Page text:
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My players are extremely strategic, and they're consistently (and too easily) defeating groups of enemies that I intended to present a real challenge. Probably for the same reason that I suck at chess, I suck at designing effective strategies and tactics for the enemies. Are there any books or other resources that I can read to help me make my monsters more effective in combat?

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What's your players' group like? –  vlad Jul 17 '12 at 12:23
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Welcome to RPG.SE. I feel that your question is too broad to be constructive, and resource requests really aren't all that helpful here. If you narrowed your requirements we would be more than welcome to give you some actual strategies you can use instead of just a group of random links that might not be helpful. –  wax eagle Jul 17 '12 at 12:34
    
@Sardathrion, I respectfully disagree. The question is pretty specific, and your comment is spot-on for an answer. –  Pulsehead Jul 17 '12 at 12:43
    
@Pulsehead: iacta alea est. –  Sardathrion Jul 17 '12 at 12:57
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5 Answers 5

I would suggest reading up on Sun Tzu, Alexander The Great, Hannibal, Scipio Africanus, Julius Caesar, Genghis Khan, Tamerlane, Napoleon, Wellington, Clausewitz, Guderian, Patton, and Petraeus... Just to name a few. And if you only have time for one, read The Art Of War by Sun Tzu.

How to apply this to RPG situation? This is not tricky. As a GM you control nearly everything: the terrain, the weather, the intelligence both sides have, and the moral/skill of the opposition. Use those to your advantage: Sun Tzu tells you what to look at and how things affect what. Use the terrain to block the characters from moving. Use the weather to stop those arrows or spells. Use the intelligence to come up with specific weapons/counters for the players. Never underestimate the power of hit-and-run -- especially if poison in involved: Now, all your characters are ill. Shame...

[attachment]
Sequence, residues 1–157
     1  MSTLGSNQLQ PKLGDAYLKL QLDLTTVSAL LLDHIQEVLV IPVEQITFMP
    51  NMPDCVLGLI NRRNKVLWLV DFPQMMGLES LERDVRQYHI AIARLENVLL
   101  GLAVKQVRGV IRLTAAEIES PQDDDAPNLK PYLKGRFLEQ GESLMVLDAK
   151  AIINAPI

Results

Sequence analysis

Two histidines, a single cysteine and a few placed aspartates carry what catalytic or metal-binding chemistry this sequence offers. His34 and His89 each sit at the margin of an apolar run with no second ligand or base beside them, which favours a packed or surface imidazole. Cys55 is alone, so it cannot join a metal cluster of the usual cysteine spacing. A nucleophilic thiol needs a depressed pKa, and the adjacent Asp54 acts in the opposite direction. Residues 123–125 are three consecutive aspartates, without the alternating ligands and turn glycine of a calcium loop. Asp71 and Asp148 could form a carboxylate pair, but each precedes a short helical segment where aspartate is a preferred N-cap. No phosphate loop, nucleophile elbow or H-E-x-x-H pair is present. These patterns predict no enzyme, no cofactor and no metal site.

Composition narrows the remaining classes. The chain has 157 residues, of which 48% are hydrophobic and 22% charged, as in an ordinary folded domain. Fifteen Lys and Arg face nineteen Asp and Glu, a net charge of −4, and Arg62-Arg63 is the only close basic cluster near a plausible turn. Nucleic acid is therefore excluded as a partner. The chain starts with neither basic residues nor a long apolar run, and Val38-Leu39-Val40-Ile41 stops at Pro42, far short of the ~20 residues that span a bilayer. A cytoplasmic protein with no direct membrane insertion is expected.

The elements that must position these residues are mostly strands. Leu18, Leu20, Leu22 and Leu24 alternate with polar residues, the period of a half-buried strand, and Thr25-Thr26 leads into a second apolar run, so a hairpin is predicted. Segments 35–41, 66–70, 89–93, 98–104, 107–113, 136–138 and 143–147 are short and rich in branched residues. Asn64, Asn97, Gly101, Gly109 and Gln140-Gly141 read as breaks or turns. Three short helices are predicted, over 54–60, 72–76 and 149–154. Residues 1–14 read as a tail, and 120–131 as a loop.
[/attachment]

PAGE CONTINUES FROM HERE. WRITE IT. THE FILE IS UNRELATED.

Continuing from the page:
Side note: It is easy for the GM to swap the character and kill them all in one round. This is (generally) no fun for the players.

Edit: Why did I not include Musashi's Book of Five Rings and Machiavelli's art of war. The first one is because it is an individual fighting manual and not a treaty on tactics or strategy. Musashi's legends state that he was a great swordsman but he never commanded armies. Machiavelli, those political work is a must read, I did not include because while as a politician I rate him very highly, military wise, I do not. That is probably prejudice on my part.

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In addition to the answer given above that I would get a trusted player or find another DM/player to sit down with you and just run battle after battle with talking over what both of ya'll are thinking. Also go out in the woods, plains, swamp and other areas and see first hand what the terrain is like. –  OrionDarkwood Jul 17 '12 at 13:04